In conclusion, DAA therapy may have a protective effect on the risk of HCC recurrence amongst patients with HCV, particularly beyond 1 year from treatment. Further prospective studies are needed to assess the short-term effects of DAA therapy, as well as effects on overall mortality from HCC.

Summary Box

What is already known:

  • There have been conflicting studies regarding the recurrence of hepatocellular carcinoma (HCC) related to hepatitis C virus (HCV) after direct-acting antiviral (DAA) therapy, as some studies have associated DAA therapy with higher rates of HCC recurrence while others found lower rates

  • DAA therapy is effective in reducing HCV-related decompensation

What the new findings are:

  • DAA therapy was associated with a significantly lower overall risk for development of HCC compared to DAA-untreated patients, including the risk of development beyond 1 year

  • DAA therapy may be associated with a significantly lower risk for development of HCC within 1 year of treatment, but further studies are needed to establish this relationship


1. Westbrook RH, Dusheiko G. Natural history of hepatitis C. J Hepatol 2014;61(1 Suppl):S58-S68.

2. Su F, Green PK, Berry K, Ioannou GN. The association between race/ethnicity and the effectiveness of direct antiviral agents for hepatitis C virus infection. Hepatology 2017;65:426-438.

3. Su F, Beste LA, Green PK, Berry K, Ioannou GN. Direct acting antivirals are effective for chronic hepatitis C treatment in elderly patients:a real-world study of 17,487 patients. Eur J Gastroenterol Hepatol 2017;29:686-693.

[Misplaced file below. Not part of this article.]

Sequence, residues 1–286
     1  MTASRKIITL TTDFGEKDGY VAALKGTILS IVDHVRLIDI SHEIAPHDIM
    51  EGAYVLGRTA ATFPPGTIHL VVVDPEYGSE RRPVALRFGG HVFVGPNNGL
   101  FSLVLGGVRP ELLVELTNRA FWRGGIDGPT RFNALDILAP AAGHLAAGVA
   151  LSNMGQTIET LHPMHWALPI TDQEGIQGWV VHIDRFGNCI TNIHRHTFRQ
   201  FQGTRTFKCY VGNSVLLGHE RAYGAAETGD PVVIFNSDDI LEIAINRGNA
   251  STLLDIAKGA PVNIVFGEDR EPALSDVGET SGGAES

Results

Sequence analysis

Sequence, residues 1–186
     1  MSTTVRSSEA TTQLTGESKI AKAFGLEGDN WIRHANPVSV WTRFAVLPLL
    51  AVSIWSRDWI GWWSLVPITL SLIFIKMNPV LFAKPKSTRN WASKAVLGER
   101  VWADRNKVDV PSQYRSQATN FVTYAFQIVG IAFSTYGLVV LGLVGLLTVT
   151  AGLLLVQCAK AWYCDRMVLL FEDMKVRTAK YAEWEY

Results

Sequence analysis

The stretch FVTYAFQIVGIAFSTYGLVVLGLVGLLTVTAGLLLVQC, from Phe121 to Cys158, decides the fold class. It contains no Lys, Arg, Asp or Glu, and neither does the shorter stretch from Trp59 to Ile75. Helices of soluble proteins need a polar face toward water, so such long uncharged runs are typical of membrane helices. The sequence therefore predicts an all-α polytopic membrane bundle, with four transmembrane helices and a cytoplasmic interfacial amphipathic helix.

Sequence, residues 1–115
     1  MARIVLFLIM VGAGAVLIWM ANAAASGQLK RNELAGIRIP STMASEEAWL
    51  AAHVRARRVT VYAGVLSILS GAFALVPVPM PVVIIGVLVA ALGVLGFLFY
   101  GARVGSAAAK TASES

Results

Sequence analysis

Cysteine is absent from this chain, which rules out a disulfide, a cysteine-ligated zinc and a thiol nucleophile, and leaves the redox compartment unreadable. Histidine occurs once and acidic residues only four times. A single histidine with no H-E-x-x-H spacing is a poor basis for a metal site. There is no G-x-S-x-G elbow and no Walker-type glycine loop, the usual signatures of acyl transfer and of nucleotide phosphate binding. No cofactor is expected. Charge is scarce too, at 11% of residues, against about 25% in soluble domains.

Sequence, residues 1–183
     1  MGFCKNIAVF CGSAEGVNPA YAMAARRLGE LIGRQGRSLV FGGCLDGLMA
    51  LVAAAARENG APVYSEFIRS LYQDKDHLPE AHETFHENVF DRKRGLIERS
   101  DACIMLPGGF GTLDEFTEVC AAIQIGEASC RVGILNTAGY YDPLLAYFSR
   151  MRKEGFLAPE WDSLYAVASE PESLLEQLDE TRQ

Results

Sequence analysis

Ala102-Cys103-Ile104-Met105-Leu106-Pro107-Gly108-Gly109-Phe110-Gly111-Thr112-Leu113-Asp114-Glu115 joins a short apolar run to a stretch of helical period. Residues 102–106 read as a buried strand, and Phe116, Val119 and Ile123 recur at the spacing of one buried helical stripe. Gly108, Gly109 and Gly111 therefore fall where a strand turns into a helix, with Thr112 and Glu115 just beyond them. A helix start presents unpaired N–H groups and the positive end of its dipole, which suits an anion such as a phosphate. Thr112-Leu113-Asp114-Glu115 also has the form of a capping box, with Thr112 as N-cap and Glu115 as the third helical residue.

4. Debes JD, de K RJ, Boonstra A. The path to cancer and back:immune modulation during hepatitis C virus infection, progression to fibrosis and cancer, and unexpected roles of new antivirals. Transplantation 2017;101:910-915.

5. Pahl J, Cerwenka A. Tricking the balance:NK cells in anti-cancer immunity. Immunobiology 2017;222:11-20.

6. Cabibbo G, Petta S, Calvaruso V, et al;Rete Sicilia Selezione Terapia - HCV (RESIST-HCV). Is early recurrence of hepatocellular carcinoma in HCV cirrhotic patients affected by treatment with direct-acting antivirals?A prospective multicentre study. Aliment Pharmacol Ther 2017;46:688-695.

7. Ioannou GN, Green PK, Berry K. HCV eradication induced by direct-acting antiviral agents reduces the risk of hepatocellular carcinoma. J Hepatol 2018;68:25-32.

8. Kanwal F, Kramer J, Asch SM, Chayanupatkul M, Cao Y, El-Serag HB. Risk of hepatocellular cancer in HCV patients treated with direct-acting antiviral agents. Gastroenterology 2017;153:996-1005.

9. Foster GR, Irving WL, Cheung MC, et al;HCV Research, UK. Impact of direct acting antiviral therapy in patients with chronic hepatitis C and decompensated cirrhosis. J Hepatol 2016;64:1224-1231.